How Sports Illustrated readers spotted AI-written articles

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Sports Illustrated was first published in August 1954. It eventually became America's iconic sports magazine with three million subscribers. But the magazine is going through difficult times and has recently been criticized for publishing articles using artificial intelligence. LA Times tech columnist Brian Merchant wrote about the demise of Sports Illustrated and joined Lisa McRee on “LA Times Today” to learn more.

Merchant said Sports Illustrated was the “standard bearer” of sports journalism in its heyday, from the weekly feature to its popular swimsuit edition. But with the shift to online media, Sports Illustrated's dominance began to fade.

“As the Internet grew and began to gain an online audience, print magazines and publications really began to suffer. And Sports Illustrated was no different. Sports Illustrated was even a bit unique among magazines in that it actually lasted longer than some other magazines. It was therefore even more vulnerable to this decline, as advertising revenue was disappearing as revenue shifted to digital. Sports Illustrated went from a weekly publication to a biweekly, and now monthly, edition,” Merchant said.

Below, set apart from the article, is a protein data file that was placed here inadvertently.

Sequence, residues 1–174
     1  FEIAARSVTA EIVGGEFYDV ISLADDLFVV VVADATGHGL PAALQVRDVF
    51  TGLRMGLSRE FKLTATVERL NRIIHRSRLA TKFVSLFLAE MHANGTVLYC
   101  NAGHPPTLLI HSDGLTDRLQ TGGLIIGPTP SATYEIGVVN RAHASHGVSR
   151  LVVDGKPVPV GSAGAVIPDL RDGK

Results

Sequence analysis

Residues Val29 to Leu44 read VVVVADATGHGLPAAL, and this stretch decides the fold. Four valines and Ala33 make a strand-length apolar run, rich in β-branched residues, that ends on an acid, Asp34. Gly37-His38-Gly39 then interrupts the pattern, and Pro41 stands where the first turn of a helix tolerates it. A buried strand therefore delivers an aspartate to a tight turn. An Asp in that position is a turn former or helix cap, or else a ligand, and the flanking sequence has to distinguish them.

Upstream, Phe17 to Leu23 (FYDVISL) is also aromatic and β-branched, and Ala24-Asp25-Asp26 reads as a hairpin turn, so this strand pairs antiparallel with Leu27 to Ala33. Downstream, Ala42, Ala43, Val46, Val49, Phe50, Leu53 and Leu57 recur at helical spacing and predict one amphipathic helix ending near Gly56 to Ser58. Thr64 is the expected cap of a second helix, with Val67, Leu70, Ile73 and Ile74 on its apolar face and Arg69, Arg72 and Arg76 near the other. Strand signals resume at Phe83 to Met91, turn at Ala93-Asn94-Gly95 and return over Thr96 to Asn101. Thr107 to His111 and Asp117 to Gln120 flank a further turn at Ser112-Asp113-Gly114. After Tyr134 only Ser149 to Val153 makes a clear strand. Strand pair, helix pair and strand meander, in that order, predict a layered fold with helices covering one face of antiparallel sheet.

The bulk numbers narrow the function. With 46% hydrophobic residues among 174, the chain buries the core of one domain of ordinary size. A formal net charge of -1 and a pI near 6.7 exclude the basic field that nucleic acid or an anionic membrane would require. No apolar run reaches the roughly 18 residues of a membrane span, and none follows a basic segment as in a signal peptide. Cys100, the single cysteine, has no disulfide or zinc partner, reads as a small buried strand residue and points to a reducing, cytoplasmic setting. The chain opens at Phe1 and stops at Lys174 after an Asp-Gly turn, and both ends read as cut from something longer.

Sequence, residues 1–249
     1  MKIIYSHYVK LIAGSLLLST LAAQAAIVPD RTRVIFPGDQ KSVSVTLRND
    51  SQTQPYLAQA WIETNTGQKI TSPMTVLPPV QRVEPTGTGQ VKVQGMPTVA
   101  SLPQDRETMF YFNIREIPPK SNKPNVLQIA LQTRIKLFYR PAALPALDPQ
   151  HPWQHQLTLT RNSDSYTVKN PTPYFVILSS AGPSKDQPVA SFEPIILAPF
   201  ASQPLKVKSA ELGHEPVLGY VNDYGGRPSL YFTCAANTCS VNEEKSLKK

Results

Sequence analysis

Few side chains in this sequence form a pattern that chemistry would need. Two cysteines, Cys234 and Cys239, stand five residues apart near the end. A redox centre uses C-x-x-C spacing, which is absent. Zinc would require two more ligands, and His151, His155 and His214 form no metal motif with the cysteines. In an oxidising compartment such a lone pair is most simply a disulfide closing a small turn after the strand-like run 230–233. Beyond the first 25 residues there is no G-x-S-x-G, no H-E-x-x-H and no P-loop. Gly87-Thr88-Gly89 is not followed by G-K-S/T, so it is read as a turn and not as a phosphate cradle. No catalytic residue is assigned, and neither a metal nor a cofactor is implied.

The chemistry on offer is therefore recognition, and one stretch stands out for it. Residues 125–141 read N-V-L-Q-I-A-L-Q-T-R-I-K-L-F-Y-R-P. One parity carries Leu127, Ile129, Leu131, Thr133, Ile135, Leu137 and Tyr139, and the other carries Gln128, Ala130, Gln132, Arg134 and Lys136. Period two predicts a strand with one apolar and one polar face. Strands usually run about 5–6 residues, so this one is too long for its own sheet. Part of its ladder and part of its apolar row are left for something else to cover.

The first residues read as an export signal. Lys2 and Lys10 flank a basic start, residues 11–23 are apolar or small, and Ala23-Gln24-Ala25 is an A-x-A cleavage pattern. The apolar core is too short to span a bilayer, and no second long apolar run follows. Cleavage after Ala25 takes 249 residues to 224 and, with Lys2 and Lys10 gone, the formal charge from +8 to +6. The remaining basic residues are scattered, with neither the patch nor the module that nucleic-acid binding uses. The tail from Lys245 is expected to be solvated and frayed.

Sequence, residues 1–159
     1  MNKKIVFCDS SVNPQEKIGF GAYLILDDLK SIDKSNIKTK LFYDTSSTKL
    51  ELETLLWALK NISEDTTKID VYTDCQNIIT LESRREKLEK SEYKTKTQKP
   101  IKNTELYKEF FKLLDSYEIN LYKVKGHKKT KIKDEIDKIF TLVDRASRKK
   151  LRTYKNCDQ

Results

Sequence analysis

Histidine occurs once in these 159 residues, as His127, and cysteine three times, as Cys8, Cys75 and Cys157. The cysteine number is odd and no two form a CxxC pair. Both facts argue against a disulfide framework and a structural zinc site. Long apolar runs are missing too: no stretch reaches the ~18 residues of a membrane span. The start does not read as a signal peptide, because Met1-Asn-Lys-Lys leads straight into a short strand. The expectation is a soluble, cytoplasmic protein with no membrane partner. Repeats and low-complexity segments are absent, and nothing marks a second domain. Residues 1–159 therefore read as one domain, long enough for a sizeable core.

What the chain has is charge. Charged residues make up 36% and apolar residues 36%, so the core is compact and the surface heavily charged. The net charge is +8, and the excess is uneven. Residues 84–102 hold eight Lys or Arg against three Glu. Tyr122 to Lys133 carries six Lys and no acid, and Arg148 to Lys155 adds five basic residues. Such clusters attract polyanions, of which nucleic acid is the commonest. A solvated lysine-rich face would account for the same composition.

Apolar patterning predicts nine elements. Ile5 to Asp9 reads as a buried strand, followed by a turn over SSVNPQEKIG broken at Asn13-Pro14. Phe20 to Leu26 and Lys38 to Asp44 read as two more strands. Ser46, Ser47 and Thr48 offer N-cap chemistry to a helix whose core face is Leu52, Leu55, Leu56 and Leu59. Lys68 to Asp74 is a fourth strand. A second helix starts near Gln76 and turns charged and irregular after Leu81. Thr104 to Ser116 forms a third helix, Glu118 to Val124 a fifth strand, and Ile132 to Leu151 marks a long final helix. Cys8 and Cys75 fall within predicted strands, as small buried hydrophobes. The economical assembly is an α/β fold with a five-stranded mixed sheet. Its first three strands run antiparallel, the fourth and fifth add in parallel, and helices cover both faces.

Last fall, readers began to notice that Sports Illustrated's article content was not up to par with the magazine's previous quality. The stories were written by artificial intelligence.

“All these articles are starting to appear under the Sports Illustrated banner and are really poorly written… It's some of the worst writing you can imagine. It turns out it's written by writers who don't exist because they're artificially generated, and the articles themselves are almost certainly artificially generated. And (the publisher) says (that they) subcontracted the production of these articles to another company called Advan, and that is a company whose business is to produce articles generated by the 'AI,” Merchant said.

Merchant spoke about the importance of media literacy as artificial intelligence becomes even more widely used in the coming years.

“Stay freezing out there because there’s going to be more of this.” There will be more AI content farms and disinformation. So media literacy is going to be very important and, you know, support the publications that you care about and that employ humans with your money,” he said.

Click the arrow above to watch the full interview.

Watch “LA Times Today” at 7 p.m. and 10 p.m. Monday through Friday on Spectrum News 1 and the Spectrum News app.

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